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The Independent Critic

Benjamin Ferencz, Simon Srebnik, Filip Muller, Richard Glazar, Henrik Gawkowski, Claude Lanzmann
Ashton Gleckman
110 Mins.

 "We Shall Not Die Now" Claims Indiana Spotlight Audience Award at Heartland 
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Under ordinary circumstances, the fine folks at Indy's Heartland International Film Festival would wait until after the official awards ceremony and until festival's end to award the fest's valued audience awards. However, by the time the Awards Ceremony rolled around this year first-time feature filmmaker Ashton Gleckman's We Shall Not Die Now was already a lock for the prize and took home the first of the 2019 Heartland International Film Festival's Audience Award prizes. 

If you're even remotely familiar with Gleckman, you're not even remotely surprised. 

Recognized for his immense musical talents starting at the age of six, the recently turned 19-year-old Carmel, Indiana resident has released three albums, written and directed five short films, composed scores for a number of productions, and co-founded the Global Composers Network where he has interviewed the likes of Oscar-nominated Marco Beltrami, Grammy-nominated Benjamin Wallfisch, Dominic Lewis, The Newton Brothers, and others. In 2018, Gleckman's work was discovered by Hans Zimmer leading to Gleckman's work for Zimmer's companies Remote Control Productions and Bleeding Fingers Music before he returned home and set his sights on We Shall Not Die Now

Yet, if you were to meet Ashton Gleckman, as I did today during Heartland's Awards Ceremony, you'd find a surprisingly humble young man who seems more than a little bit in awe of this life he's living and the opportunities that surround him. 

With all these successes, it's not particularly surprising that Gleckman would eventually tackle a feature film as is the case with We Shall Not Die Now, a feature-length documentary screening in the Indiana Spotlight block of films during the 2019 Heartland International Film Festival where it picked up, yes, the fest's Audience Award in advance of its L.A. premiere on December 3rd and a planned release on Amazon and iTunes on December 5th.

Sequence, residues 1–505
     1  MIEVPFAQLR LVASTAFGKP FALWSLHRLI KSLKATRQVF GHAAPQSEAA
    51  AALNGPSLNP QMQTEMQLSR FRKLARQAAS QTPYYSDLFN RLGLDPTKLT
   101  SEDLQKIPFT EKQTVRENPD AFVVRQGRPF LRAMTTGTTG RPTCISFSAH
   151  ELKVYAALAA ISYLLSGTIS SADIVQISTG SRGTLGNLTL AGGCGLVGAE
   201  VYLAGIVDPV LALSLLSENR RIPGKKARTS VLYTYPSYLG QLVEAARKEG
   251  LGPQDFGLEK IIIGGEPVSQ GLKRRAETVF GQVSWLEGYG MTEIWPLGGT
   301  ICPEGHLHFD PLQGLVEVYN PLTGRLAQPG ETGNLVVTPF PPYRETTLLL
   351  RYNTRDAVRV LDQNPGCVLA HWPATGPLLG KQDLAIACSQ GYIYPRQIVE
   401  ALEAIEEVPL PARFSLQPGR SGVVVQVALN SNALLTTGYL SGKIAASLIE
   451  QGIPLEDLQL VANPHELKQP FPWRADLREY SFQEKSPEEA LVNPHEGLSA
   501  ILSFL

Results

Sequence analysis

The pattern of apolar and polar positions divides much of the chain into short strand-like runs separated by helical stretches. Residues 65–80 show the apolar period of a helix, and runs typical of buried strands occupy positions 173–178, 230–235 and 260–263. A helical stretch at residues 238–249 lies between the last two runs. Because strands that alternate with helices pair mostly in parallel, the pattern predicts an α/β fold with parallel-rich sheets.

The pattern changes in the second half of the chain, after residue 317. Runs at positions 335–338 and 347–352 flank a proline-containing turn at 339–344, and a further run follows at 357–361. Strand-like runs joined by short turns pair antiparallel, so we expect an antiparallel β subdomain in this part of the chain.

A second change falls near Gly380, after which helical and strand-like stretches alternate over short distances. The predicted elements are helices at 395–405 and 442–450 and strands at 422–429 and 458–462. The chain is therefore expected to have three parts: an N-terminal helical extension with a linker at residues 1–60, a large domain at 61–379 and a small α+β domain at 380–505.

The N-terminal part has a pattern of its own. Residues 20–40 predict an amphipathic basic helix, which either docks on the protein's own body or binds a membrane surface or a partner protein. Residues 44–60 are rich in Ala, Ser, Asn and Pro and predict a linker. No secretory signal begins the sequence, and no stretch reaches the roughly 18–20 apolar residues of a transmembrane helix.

What may be surprising is that Gleckman such difficult subject matter as the Holocaust for his debut feature film. We Shall Not Die Now tells stories that we'd swear we'd heard before, yet in We Shall Not Die Now they feel fresh and heartbreaking and devastating. Gleckman directed, filmed, edited, and scored We Shall Not Die Now. It was a journey that took him to Poland for a couple of weeks where he traveled alone and filmed as a one-man crew constructing this immensely moving, award-winning feature doc. Grammy nominated composer Benjamin Wallfisch (It, Blade Runner 2049, Hidden Figures) composed the film's main theme, an effort dedicated to his Holocaust surviving grandmother. 

While tackling the Holocaust may seem unusual for such a young filmmaker, Gleckman has long studied the Holocaust and has already scored two documentaries on the subject matter. For We Shall Not Die Now, he traveled to Poland to spend time filming at all of the concentration camps. He interviewed 25 Holocaust survivors and liberators in 10 states, contacted synagogues nationwide, researched archives in Washington, D.C., and even interviewed the last surviving prosecutor from the Nuremberg Trials. 

To say that We Shall Not Die Now is well researched is an understatement. 

However, the real beauty of We Shall Not Die Now lies precisely in how Gleckman constructs the film and brings stories to life that deserve to be brought to life. This is completed partly through actual interviews and partly through archival footage and interviews, yet it's the way that Gleckman weaves it all together, at times even moving between color and black-and-white, that ultimately makes We Shall Not Die Now such a beautiful and compelling film. 

We Shall Not Die Now also doesn't forget the "other" victims and survivors of the Holocaust. As an adult with a disability myself, I've long been aware of the genocidal annihilation of nearly all people with disabilities. Of course, there were others. So many others. 

Divided into different sections, an approach that can backfire but largely works here, We Shall Not Die Now is a well organized exploration of both the best and the worst of humanity. While there's obvious editing here, the stories in We Shall Not Die Now never feel manufactured or manipulated. Instead, they feel like the confident work of a patient filmmaker whom, I'm guessing, genuinely enjoys providing people the opportunities to tell their stories. 

That love shines through. 

Gleckman's original score for the film serves as an emotionally grounded companion, while Wallfisch's main theme provides the film its atmospheric core. 

It's difficult to describe the experience of watching We Shall Not Die Now, though perhaps it's best described as possessing both moments of intense sorrow and grief and shards of light and hope and even a little exhilaration. The film is both a reminder of the devastating impact of hate and the overwhelming, awe-inspiring impact of love to overcome it. 

For more information on We Shall Not Die Now, visit the film's Facebook page linked to in the credits. For more information on Heartland International Film Festival, visit the Heartland Film website.

Written by Richard Propes
The Independent Critic